Miguel Mendonca works some nice visual irony into the art, with Batman listening to the villain’s pre-recorded ranting about him needing to become a creature of the night once more, as Batman is chasing a robber’s getaway car in full view of several dozen witnesses. Naturally, all of them are snapping pictures of Batman on their phone. Ignoring that, the artwork looks excellent throughout.

The only sour note is a continuity glitch, with Black Lightning being described as a Metropolis native when the recent DC Rebirth revival of the character showed him being based in Cleveland.  Despite this, this is a solid start for the new creative team.

 

The Flash #49 Cover

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THE FLASH #49/ Story by JOSHUA WILLIAMSON/ Art by HOWARD PORTER/ Colors by HI-FI/ Letters by STEVE WANDS/ Published by DC COMICS

Review by MATT MORRISON

The great chase between Barry Allen and Wally West has attracted the attention of ARGUS, The Justice League and The Titans, as the shockwaves through The Speed Force threaten all reality!  The real danger is yet to come, however, as Wally West seeks to break The Speed Force open to save his children, who are lost in time according to the villain Zoom… but can Zoom be trusted? And if not, what is his game?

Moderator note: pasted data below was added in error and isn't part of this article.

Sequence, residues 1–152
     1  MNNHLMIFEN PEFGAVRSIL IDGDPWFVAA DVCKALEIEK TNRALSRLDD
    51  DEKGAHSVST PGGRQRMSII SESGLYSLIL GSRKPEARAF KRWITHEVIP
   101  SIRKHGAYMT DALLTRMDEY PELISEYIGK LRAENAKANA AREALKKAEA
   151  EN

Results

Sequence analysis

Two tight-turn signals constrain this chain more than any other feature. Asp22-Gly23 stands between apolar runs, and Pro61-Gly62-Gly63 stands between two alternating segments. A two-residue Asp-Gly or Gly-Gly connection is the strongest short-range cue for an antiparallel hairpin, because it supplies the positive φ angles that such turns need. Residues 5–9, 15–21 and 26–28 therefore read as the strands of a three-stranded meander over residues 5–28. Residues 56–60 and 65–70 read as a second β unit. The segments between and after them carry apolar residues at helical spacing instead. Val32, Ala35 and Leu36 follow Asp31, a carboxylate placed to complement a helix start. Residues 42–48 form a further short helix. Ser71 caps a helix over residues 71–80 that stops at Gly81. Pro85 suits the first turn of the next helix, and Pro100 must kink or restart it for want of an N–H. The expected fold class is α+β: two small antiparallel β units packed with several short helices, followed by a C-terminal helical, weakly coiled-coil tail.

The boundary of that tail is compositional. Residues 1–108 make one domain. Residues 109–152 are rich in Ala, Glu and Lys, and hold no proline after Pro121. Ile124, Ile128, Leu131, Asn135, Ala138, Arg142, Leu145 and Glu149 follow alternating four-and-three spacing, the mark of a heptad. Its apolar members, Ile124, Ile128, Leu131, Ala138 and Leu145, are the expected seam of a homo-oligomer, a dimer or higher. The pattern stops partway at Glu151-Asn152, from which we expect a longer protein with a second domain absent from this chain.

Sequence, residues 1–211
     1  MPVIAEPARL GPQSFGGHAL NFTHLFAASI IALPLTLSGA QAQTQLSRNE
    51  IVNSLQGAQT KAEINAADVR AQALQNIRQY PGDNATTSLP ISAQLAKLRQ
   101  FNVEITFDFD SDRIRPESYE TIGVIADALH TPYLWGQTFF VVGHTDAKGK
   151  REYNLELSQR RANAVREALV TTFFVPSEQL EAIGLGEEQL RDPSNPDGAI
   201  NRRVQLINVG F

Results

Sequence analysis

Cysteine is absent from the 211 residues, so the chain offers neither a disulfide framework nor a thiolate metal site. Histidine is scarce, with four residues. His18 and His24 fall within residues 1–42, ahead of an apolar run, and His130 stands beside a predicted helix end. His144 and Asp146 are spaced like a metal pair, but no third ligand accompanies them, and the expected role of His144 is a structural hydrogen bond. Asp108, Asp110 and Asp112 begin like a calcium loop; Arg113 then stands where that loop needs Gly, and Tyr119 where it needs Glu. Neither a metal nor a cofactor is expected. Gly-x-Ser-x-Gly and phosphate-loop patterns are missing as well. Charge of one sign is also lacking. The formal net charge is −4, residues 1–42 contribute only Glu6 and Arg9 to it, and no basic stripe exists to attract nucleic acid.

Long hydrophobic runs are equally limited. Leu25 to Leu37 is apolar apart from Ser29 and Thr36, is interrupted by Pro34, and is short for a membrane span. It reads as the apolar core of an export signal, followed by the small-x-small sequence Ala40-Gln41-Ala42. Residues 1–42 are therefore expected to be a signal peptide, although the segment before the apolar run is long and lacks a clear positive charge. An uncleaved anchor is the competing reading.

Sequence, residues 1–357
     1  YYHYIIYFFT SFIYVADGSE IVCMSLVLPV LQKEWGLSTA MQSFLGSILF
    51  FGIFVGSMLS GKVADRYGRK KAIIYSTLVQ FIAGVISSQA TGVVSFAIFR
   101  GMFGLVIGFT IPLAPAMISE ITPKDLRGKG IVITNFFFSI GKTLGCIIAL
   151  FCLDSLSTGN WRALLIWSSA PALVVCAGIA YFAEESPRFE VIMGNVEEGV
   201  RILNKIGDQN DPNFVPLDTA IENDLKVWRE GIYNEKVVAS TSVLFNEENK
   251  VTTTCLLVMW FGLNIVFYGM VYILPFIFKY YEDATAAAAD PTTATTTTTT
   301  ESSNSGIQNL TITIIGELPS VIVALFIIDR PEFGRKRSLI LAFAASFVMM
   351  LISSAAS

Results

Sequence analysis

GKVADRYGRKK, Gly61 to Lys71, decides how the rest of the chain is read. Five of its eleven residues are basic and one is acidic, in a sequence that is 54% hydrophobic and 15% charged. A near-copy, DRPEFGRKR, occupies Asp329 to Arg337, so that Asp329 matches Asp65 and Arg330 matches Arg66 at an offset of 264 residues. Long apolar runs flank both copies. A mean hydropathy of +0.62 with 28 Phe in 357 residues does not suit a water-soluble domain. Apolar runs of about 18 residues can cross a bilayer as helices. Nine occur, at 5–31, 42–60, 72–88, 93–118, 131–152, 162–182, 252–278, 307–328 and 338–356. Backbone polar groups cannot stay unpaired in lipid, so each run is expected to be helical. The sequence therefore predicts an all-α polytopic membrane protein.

There’s quite a lot to unpack in this issue regarding the nature of The Speed Force – particularly in the wake of the recent issues of Justice League and the No Justice mini-series. I can’t say too much for fear of spoiling the story, but fans of those series would do well to check this issue out to compare/contrast the information on the changing DC Universe cosmology. Ignoring that, Joshua Williamson spins one heck of a ripping yarn, though one wonders how Wally West could ever believe anything Zoom tells him, no matter how impatient he is for a solution.

Howard Porter’s art isn’t quite as strong as the story. Porter is a fine artist and the action sequences look fantastic. Ironically, it is in the scenes of characters talking and standing still where Porter falters, with a few forced poses that just look odd – including one scene of Nightwing jumping downward into action despite being on the side of a road in Smallville, Kansas, with no high buildings or even a high hill in sight! The colors by Hi-Fi and Steve Wands’ letters are excellent, however.